Jenner was inducted into the United States National Track and Field Hall of Fame in 1980, the Olympic Hall of Fame in 1986, the Bay Area Sports Hall of Fame and the Connecticut Sports Hall of Fame in 1994, and the San Jose Sports Hall of Fame in 2010.[50] For almost 20 years, San Jose City College hosted an annual Bruce Jenner Invitational competition.[51][52][53]

Post-Olympic career

Capitalizing on Olympic fame

Jenner (right) greets Liberian president William Tolbert (left) at the White House on September 21, 1976, as United States president Gerald Ford looks on

In the 1970s, Olympic athletes were considered to be amateurs and were not allowed to seek or accept payment for their positions as sports celebrities. During the Cold War in 1972, three major Olympic titles that had a long history of American success – basketball, the 100 meter dash, and decathlon – were won by Soviet athletes. Jenner became an American hero by returning the decathlon title to the United States. "After the Games were over," Jenner said, "I happened to be the right guy, at that right place, at that right time."[28] Tony Kornheiser of The New York Times wrote: "Jenner is twirling the nation like a baton. He and wife, Chrystie, are so high up on the pedestal of American heroism, it would take a crane to get them down."[5][29][54]

After the expected Olympic success, Jenner planned to cash in on whatever celebrity status could follow a gold medal in the same mold as Johnny Weissmuller and Sonja Henie, who had become major movie stars following their gold medals. This would require forgoing any future Olympic competition. At the time, Jenner's agent George Wallach felt there was a four-year window – until the next Olympics – upon which to capitalize. Wallach reported that Jenner was being considered for the role of Superman, which ultimately went to Christopher Reeve. "I really don't know how many offers we have," Wallach claimed. "There are still unopened telegrams back at the hotel and you just can't believe the offers that poured in during the first two days."[55]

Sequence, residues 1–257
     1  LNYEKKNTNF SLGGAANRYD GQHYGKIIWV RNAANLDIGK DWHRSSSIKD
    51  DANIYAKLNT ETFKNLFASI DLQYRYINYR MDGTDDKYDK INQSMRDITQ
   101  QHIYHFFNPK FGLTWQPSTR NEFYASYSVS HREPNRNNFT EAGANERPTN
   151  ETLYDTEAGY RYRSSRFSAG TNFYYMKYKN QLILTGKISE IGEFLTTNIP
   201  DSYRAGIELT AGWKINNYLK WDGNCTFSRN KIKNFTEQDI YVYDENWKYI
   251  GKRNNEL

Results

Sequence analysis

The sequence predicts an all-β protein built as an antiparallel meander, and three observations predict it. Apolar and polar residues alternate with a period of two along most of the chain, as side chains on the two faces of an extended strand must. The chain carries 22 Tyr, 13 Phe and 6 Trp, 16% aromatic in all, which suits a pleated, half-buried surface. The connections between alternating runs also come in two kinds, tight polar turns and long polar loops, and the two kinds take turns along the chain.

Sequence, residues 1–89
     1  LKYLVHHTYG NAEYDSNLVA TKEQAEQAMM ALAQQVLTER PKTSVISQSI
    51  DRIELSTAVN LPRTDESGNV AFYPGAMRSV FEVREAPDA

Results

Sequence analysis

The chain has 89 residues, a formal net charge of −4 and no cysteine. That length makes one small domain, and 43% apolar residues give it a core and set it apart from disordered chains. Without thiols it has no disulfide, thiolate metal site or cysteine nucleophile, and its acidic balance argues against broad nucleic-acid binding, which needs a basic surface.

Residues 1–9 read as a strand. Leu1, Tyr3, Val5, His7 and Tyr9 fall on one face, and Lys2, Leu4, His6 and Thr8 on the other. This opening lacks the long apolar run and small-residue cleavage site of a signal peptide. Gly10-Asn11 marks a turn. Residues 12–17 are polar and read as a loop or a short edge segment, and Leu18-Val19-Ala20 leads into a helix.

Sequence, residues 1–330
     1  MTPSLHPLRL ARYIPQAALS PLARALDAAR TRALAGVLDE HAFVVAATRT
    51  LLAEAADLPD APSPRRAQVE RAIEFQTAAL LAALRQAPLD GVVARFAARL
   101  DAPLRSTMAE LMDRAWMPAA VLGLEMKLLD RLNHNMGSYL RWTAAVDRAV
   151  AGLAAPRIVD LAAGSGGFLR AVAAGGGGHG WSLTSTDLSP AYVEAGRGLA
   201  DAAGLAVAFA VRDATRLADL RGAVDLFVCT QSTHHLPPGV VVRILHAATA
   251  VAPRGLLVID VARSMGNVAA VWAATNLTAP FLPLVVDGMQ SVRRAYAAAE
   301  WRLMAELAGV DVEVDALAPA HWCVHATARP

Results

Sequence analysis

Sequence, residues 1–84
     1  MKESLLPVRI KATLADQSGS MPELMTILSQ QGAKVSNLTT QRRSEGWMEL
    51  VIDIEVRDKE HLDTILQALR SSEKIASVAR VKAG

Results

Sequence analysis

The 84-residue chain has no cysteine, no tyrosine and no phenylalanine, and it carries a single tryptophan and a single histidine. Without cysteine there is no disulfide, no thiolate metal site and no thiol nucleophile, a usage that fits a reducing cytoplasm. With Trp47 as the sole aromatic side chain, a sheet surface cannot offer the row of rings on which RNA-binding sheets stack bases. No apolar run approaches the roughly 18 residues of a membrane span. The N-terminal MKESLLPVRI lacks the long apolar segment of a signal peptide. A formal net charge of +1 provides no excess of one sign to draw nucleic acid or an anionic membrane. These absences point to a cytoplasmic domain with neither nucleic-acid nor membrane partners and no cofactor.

Jenner appeared on the cover of the August 9, 1976, issue of Sports Illustrated,[56] the February 1979 issue of Gentleman's Quarterly,[57] and on the cover of Playgirl magazine.[7] Jenner became a spokesperson for Tropicana, Minolta, and Buster Brown shoes.[28]

Wheaties spokesperson

Wheaties boxes featuring Jenner came out around the same time the athlete became a spokesperson for the breakfast cereal. A box would later sell on eBay for US$400 after she announced her transition in 2015.[58][59]

In 1977, Jenner became a spokesperson for Wheaties brand breakfast cereal and appeared in an iconic photograph on the cover of the cereal box. After taking over from Olympic champion Bob Richards, Jenner was second in a succession of athletes featured as spokespersons for the brand. Mary Lou Retton succeeded Jenner in 1984.[60]

On November 22, 1977, Jenner went to San Francisco to refute charges filed by San Francisco district attorney Joseph Freitas that General Mills—the maker of Wheaties—had engaged in deceptive advertising in its campaign that featured Jenner. Jenner liked Wheaties and ate the breakfast cereal two or three times a week, which supported the advertising campaign's claims. Two days later, Freitas withdrew the suit, saying that it was "a case of overzealousness" on the part of his staff.[61]